Substance Use Disorder Providers and Insurance Reimbursement

Improving access to substance use disorder treatment in the US

With funding from ASPE, we examined and documented state policies and strategies around substance use disorder treatment—including provider licensing and credentialing requirements, reimbursements for services, and the innovative methods states are using to expand their provider networks.


Ultimately, the federal government aims to provide tailored technical assistance to help states expand provider networks and increase access to substance use disorder treatment.

  • Environmental Scan
  • Data Collection and Analysis
  • Qualitative Data Analysis

A growing gap for services

There’s an urgent need to make appropriate treatment for substance use disorders more widely available in the US: According to SAMHSA’s 2015 National Survey on Drug Use and Health, 21.7 million people aged 12 or older needed treatment for substance use disorder (SUD) in the past year, but only 14% received treatment, and only 8.1% received that treatment at a specialty facility. And given the opioid epidemic, that gap has likely grown.

Examining system barriers to treatment

An individual’s situation and lifestyle may influence whether they seek treatment, but characteristics of the healthcare system itself can also affect whether people seek and obtain treatment. Obstacles to treatment can include complex eligibility and admission criteria, the absence of appropriate services for certain cultural groups, and a lack of available treatment providers.

Financial support for services can be another major barrier. Although insurance coverage for treatment has become more widespread in recent years, SUD treatment providers have historically relied on grant funding more than on insurance reimbursement. Changing that requires a different set of policies and procedures. And treatment providers will need assistance to navigate the requirements and processes for joining insurance provider networks—including credentialing, billing, and more—especially at a time when treatment and recovery systems are overwhelmed by demand.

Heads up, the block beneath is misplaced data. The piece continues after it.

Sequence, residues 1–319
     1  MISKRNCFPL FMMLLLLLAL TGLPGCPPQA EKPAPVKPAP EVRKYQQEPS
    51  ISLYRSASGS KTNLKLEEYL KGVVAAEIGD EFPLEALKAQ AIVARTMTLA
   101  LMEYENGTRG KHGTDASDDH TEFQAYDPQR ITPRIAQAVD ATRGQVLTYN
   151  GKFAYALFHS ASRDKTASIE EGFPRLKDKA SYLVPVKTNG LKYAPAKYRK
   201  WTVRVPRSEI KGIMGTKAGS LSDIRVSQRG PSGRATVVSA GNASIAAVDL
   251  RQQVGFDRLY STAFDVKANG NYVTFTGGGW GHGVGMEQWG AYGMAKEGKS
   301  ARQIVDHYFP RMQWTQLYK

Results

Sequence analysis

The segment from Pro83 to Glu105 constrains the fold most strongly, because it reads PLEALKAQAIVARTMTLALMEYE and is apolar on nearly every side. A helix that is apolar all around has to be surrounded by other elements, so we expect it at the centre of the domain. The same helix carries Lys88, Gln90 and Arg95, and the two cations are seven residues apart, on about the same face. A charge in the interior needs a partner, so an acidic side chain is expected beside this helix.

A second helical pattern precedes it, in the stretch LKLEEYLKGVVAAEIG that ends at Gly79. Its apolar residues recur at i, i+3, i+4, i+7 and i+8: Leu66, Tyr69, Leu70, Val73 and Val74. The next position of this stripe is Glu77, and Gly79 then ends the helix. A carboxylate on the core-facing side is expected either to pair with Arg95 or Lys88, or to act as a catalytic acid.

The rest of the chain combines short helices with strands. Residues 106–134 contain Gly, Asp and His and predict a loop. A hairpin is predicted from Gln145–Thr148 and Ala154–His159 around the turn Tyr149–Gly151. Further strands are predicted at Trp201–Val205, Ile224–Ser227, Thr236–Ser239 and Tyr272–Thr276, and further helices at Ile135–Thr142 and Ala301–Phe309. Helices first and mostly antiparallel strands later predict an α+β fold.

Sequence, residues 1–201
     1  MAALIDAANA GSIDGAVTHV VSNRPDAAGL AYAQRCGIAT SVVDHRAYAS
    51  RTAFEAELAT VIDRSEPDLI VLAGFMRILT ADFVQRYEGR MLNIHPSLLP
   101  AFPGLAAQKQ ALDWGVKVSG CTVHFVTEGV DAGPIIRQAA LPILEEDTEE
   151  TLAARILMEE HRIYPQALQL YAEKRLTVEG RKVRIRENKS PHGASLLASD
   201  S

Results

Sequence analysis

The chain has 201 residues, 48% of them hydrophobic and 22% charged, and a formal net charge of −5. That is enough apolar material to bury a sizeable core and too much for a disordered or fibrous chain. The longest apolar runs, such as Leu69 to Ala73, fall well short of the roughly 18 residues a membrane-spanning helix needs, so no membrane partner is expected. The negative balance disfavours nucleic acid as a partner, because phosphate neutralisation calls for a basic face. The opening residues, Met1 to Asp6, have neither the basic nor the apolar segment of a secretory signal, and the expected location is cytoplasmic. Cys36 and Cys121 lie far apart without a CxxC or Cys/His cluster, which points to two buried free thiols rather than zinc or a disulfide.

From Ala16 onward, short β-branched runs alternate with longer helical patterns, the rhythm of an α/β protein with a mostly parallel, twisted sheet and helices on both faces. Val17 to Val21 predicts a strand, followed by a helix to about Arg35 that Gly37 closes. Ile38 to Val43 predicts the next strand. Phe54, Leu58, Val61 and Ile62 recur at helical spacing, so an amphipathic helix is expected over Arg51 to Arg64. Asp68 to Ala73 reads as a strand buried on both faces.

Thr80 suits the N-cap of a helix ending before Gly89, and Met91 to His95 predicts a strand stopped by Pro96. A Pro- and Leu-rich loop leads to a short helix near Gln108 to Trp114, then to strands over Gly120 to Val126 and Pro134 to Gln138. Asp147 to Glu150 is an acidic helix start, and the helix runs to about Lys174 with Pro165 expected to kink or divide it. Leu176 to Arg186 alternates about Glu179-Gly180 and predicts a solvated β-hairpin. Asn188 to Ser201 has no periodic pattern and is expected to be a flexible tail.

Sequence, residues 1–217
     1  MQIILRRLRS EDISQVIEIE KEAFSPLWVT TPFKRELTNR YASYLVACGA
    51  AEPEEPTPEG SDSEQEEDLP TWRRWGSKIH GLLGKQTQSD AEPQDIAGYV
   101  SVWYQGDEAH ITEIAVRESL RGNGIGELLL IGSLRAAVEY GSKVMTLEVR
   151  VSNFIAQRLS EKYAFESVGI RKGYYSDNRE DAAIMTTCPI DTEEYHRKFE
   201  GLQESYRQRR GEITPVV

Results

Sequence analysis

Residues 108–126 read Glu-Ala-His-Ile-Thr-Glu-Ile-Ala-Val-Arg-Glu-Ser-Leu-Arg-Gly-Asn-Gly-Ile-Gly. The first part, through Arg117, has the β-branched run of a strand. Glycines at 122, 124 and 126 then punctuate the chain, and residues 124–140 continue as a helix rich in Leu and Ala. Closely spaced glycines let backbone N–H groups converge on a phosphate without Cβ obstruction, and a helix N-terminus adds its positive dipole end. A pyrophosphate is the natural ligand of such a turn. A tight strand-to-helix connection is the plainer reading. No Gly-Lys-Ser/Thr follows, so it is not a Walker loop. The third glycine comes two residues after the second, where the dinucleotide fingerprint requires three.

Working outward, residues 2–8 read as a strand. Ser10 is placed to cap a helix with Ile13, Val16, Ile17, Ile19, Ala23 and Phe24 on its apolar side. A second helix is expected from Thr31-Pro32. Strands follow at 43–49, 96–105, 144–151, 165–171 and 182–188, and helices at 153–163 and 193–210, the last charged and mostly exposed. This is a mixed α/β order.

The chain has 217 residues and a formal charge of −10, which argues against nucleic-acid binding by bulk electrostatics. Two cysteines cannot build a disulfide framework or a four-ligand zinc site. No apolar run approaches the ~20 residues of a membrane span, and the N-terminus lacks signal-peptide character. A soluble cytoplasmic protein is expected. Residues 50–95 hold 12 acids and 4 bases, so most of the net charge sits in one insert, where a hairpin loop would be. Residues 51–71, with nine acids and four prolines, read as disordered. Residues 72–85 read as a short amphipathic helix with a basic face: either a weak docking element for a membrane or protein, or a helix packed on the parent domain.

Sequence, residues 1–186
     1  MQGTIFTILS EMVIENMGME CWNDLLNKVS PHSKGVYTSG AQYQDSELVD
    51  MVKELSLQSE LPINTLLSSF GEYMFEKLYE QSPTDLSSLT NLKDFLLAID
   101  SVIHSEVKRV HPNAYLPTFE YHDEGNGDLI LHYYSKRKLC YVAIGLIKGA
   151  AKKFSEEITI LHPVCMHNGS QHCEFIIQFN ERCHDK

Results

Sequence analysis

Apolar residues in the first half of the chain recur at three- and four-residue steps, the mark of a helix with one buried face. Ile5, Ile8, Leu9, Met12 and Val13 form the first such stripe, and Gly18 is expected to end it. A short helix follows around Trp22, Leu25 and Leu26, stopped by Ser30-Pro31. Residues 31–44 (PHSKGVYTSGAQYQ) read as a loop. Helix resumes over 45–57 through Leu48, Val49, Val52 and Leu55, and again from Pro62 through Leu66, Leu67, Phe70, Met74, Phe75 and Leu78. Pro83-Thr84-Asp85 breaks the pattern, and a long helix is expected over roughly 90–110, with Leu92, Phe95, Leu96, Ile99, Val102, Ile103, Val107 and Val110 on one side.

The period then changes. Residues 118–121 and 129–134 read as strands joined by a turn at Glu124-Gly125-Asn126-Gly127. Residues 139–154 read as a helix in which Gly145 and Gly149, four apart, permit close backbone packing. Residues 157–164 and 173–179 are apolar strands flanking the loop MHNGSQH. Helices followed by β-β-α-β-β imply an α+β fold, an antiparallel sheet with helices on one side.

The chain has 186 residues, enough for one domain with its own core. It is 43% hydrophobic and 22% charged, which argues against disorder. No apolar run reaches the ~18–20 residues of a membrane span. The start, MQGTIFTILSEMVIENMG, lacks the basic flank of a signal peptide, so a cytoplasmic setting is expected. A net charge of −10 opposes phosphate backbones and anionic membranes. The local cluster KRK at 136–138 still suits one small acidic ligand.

Scanning for best practices

Across the nation, state Medicaid agencies, their managed care organizations, and commercial insurers have developed a range of policies, programs, and reimbursement strategies to address the need for services, including those related to:

  • Eligibility
  • Benefits and services
  • Provider qualifications
  • Financing (rates, premiums, and value-based purchasing)

We examined this variation to uncover standout practices that are helping to expand access to providers and treatment. In addition to examining existing literature, we gathered data from all 50 states and D.C. regarding their licensing and credentialing requirements for providers and insurance reimbursement policies for Medicaid and Medicare, as well as commercial insurers’ policies. We also interviewed national experts in the field for additional insights on barriers to treatment access and innovative strategies to address them. 


We found the following factors to be key barriers to entering the SUD counseling field:

  • Variability across (and in some cases, within) states in career ladders and certification/licensing requirements;
  • Low education requirements for qualification, lack of education programs focusing on SUD treatment;
  • Unavailability of licensure in 20 states;
  • Lack of pathways to independent practice;
  • Lack of insurance coverage for SUD services; and
  • Low reimbursement rates compared to other behavioral health professions.

Facilitators to address these barriers include:

  • National and state-level collaboration and consensus-building efforts among multiple credentialing boards;
  • State-level centralized training, technical assistance, and information dissemination efforts for SUD professionals;
  • Establishment of state-regulated scopes of practice, licensing, and educational standards in collaboration with institutions of higher education;
  • Loan repayment programs with incentives for obtaining post-graduate degrees; and
  • Medicaid waivers to redesign states’ behavioral health systems including expansion of coverage for SUD services, rate parity between SUD and other behavioral health services, and service system integration.

We also presented these findings at the AcademyHealth Annual Research Meeting in June 2019. View the presentation.    


Assistant Secretary for Planning and Evaluation (ASPE), US Department of Health and Human Services

Project Partner(s):

Technical Assistance Collaborative

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